trumancoyote
02-23-2006, 03:34 AM
You charmer, you.

SueB
02-23-2006, 04:00 AM
Hey William,

Thanks for another interesting space!

Poetry is a genre that I know very little about. It is something that I enjoy writing, therefore I choose not to 'study' it. I write poetry only to amuse myself and my children and grandkids. It seems that I most often write my 'poetry' in the voice of a child. What this says about me psycologically, I have no idea.

My son-in-law is a business partner with the US Snowboard/Cross Gold medal winner at the Olympics, Seth Wescott. Seth's winning the Gold has created a lot of excitement in Maine, in our community and in our family. My granddaughter, 4 year old Violet, was very excited about her friend Seth winning the gold. I wrote the following poem in her voice. The child in me had fun doing it.








He And His Snowboard Took Flight

Just As I Had Thought They Might









It was a misty day in Maine

Remembering our Olympic fame



It was our own Seth Wescott

Won the Gold for which he fought



He and his snowboard took flight

Just as I had thought they might



Took the Gold in Italy

For Carrabasset Valley



Now Sugarloaf USA

Is in the headlines today



Folks like my dad, Dan Mathieu

Are quoted from interview



Heard of the Three Musketeers?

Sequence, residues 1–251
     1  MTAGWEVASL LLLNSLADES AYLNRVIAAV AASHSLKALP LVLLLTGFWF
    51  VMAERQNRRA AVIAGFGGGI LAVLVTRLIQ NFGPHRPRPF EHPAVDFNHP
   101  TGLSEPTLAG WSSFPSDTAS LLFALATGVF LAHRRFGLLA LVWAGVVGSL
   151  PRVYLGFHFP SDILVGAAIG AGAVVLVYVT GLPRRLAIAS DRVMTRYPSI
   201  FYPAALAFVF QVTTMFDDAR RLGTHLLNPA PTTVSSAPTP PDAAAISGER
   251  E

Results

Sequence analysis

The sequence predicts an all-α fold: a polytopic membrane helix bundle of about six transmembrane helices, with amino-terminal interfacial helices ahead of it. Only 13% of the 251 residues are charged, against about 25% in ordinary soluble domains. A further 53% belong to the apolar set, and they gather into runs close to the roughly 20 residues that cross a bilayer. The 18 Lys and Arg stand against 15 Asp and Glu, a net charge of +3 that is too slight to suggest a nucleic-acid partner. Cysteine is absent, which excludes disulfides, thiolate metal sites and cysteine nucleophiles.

Well, I know four, who sell beers



Two are tall and thin: Dad and Seth

Two are their best friends: Chase and Jeff.



These four are partners at The Rack


These four friends: each part of the pack



Im glad to know you Seth Wescott

Today ladies think you are hot



But tomorrow you can teach me

Snowboarding. I already ski



I am four years old now, and you

Are the fastest cat in the zoo



Ill never forget when I heard

That you had won. It was absurd



I had been walking in the fog

With leash in hand, Id lost my dog!



Through the fog, her leash was stretched tight

Yes was stretched tight--clear out of sight



The fog closed in all around me

The leash pulled me home to Mommy



My mom was smiling so broadly

I thought Shes happy to see me.



Mom hugged me and twirled me around

Glad to see me and my old hound?



No, twas you, Seth, had won the Gold

Swhat my found dog and I were told.



Love,

Violet







SM Baumgardner 2/17/2006

ProsperitySue
02-23-2006, 04:07 AM
But I'm not interested in the obvious stuff, like you've split up with your boyfriend so you're sad

Did Shakespeare stink to high heaven when he wrote Romeo and Juliet? Isn't it the skill of the writer that makes the difference?

I think difficult equations are poetry to physicists and statisticians -- I think they see the beauty in them, the symmetry, the elegance -- I've heard them use those terms, but equations don't express feelings. I think poetry has to evoke or express feelings in some way to be interesting. Since we're all individuals then what touches us will be different.